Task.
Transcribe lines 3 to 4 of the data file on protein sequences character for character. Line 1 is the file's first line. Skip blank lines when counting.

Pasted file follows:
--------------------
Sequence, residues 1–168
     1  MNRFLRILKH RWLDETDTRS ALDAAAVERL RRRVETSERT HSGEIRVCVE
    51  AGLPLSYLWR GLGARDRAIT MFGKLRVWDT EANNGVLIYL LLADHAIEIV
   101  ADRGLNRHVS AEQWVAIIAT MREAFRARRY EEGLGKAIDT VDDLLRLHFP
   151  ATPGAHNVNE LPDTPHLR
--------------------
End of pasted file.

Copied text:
    51  AGLPLSYLWR GLGARDRAIT MFGKLRVWDT EANNGVLIYL LLADHAIEIV
   101  ADRGLNRHVS AEQWVAIIAT MREAFRARRY EEGLGKAIDT VDDLLRLHFP